While most of us recognize the dangers of drinking and driving and the implications that a DWI conviction can have on our licenses, many people do not appreciate how substantial the financial penalties are.
There are numerous drinking and driving offenses in NYS, the most common of which are: (a) driving while ability impaired (“DWAI”); (b) driving while intoxicated (“DWI”); and (c) aggravated driving while intoxicated (“ADWI”). You can be charged with DWAI for having a blood alcohol content (“BAC”) of 0.05 – 0.07%. DWI can be charged when the BAC is 0.08 – 0.17% and ADWI can be charged when the BAC is 0.18% and above. You can also be charged with drinking and driving based on the police officer’s observations and your performance on field sobriety tests. Refusing the breath test carries separate and considerable penalties and fines.
You can find just about anything on the Internet, from a meatloaf recipe to a Yorkshire Terrier. The Internet can be a valuable tool or a source of entertainment, but it is a risky place to find a commercial lease form. “One Size Fits All” Lease forms may contain seemingly appropriate legalese like “subrogation” and “condition precedent,” but if you don’t know what those terms mean, you shouldn’t use them.
The current economic chaos and uncertain future has negatively impacted many industries and people. Some businesses are filing for bankruptcy and others are seeking relief through bailout plans. The average person has probably suffered significant investment losses especially relative to their 401k or other retirement plan. Even worse, some individuals may be faced with job instability and are probably starting to look for ways they can cut expenses to start saving for peace of mind or to bridge the gap in the losses that have been sustained over the past five months.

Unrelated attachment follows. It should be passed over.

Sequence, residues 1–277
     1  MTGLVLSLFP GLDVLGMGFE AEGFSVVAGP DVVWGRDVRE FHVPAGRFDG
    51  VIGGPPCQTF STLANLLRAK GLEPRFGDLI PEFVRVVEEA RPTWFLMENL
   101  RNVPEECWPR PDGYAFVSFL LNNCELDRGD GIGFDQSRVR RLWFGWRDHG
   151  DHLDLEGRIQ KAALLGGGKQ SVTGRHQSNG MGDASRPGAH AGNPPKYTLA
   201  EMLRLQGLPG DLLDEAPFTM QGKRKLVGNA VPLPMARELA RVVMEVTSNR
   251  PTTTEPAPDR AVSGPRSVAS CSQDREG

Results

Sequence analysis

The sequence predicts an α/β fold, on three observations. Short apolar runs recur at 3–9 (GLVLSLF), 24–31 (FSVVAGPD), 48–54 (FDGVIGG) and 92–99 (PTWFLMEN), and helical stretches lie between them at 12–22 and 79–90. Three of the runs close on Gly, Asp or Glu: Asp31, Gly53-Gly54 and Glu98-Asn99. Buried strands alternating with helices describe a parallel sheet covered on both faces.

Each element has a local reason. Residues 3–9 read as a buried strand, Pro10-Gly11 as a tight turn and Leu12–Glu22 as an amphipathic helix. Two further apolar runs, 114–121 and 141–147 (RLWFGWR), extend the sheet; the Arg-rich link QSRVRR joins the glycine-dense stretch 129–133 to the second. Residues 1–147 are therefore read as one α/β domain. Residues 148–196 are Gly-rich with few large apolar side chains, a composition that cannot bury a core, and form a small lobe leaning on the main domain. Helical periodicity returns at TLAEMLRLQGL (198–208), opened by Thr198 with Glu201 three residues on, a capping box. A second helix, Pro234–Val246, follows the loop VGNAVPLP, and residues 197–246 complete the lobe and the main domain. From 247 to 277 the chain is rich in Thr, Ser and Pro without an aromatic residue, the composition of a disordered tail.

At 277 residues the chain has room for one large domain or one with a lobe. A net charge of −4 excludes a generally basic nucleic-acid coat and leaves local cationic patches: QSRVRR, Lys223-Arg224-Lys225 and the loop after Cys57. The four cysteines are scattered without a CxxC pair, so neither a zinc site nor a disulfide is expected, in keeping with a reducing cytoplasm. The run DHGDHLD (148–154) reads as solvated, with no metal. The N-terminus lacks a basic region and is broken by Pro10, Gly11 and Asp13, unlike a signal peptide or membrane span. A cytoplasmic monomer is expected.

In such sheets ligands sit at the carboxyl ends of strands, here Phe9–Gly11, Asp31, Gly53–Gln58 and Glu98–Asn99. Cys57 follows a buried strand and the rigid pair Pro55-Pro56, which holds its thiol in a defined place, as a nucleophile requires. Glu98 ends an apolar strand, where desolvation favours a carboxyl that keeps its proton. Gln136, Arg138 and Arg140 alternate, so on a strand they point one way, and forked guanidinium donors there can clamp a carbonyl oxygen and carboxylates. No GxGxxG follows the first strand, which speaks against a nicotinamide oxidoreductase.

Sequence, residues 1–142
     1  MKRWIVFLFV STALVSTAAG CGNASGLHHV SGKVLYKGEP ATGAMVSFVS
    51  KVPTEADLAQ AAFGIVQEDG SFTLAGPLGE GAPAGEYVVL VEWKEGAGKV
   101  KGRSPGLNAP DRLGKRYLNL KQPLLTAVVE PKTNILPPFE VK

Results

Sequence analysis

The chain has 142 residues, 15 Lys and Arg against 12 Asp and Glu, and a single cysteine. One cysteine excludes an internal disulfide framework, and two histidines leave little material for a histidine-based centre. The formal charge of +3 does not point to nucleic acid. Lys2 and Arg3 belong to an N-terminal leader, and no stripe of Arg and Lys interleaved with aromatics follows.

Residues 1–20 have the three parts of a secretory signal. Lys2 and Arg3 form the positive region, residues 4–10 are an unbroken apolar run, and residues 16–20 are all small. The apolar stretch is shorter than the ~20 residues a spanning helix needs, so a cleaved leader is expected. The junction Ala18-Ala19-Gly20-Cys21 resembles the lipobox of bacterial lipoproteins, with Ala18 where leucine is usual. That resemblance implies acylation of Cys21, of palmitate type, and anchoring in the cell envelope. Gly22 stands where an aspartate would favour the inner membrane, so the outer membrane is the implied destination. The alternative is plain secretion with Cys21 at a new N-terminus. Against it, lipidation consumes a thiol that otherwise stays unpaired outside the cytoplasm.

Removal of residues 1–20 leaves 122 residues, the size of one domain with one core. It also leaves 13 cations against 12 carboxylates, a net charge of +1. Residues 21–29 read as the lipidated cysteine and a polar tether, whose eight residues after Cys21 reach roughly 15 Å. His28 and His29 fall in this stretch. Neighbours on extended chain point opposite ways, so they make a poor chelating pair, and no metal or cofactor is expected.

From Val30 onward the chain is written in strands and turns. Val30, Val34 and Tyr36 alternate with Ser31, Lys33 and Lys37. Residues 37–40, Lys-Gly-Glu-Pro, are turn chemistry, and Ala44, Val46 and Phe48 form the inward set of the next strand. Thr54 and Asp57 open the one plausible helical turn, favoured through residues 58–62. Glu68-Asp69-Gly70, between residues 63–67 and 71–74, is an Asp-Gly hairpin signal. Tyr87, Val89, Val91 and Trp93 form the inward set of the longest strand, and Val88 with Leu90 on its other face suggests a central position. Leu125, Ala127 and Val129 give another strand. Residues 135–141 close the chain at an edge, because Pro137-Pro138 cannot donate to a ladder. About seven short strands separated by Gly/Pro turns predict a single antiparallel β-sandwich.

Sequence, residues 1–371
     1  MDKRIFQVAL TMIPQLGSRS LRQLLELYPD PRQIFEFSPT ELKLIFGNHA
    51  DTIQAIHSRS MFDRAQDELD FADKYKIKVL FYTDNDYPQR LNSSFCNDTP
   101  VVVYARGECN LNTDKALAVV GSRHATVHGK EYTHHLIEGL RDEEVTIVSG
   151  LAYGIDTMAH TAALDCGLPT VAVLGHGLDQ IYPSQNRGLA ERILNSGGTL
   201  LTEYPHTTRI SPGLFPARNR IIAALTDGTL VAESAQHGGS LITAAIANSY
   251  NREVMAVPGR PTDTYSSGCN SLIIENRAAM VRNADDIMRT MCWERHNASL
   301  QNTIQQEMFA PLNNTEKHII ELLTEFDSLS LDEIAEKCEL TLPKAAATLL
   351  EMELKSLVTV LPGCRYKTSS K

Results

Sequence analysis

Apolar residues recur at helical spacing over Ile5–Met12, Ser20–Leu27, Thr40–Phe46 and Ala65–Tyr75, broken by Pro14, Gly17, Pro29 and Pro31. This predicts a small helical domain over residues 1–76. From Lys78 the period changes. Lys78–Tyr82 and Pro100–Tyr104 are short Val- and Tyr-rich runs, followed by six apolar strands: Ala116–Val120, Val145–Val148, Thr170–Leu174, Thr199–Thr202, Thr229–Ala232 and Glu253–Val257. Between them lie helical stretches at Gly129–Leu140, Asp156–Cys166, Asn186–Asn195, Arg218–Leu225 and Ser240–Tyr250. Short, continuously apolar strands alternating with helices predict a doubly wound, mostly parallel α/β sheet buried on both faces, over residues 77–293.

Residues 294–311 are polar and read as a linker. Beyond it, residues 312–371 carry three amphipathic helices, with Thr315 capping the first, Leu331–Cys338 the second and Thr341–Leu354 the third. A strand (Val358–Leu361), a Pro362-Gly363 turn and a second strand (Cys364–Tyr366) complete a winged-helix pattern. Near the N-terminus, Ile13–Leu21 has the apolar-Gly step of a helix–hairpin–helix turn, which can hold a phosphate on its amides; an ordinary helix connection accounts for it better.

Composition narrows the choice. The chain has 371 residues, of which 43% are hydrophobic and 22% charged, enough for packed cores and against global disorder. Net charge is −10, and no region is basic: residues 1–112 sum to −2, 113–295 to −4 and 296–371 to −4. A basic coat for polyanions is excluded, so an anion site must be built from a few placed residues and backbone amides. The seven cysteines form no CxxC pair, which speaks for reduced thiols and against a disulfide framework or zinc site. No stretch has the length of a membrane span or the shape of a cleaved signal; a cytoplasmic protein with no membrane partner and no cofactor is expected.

With the current bleak state of the economy, many taxpayers may find their ability to pay taxes has been negatively impacted by unemployment or corporate downsizing, loss on investments and reduced income. When in these circumstances, the reaction of many taxpayers is to ignore the problem and procrastinate in dealing with the IRS.
Far more often than not, grandparents play a special role in the lives of their grandchildren. In recent years, many grandparents have become increasingly involved in their grandchildren’s lives, from seeing them on a regular basis to caring for them on a full time basis, if a parent is unable or unwilling to care for the child. Sometimes, however, situations develop where grandparents are denied the right to see their grandchildren. Historically, grandparents lacked any legal right to visit and to communicate with their grandchildren when such contact was forbidden by the parents. However, lawmakers have increasingly recognized the need to preserve the beneficial relationship between children and their grandparents, and as such, at least forty-eight states have enacted various statutes allowing grandparents the right to petition for visitation under certain circumstances. For instance, New York State, which takes a paternalistic approach, recognizes that visits with grandparents can be a precious part of a child’s life, providing benefits that cannot be derived from any other relationship.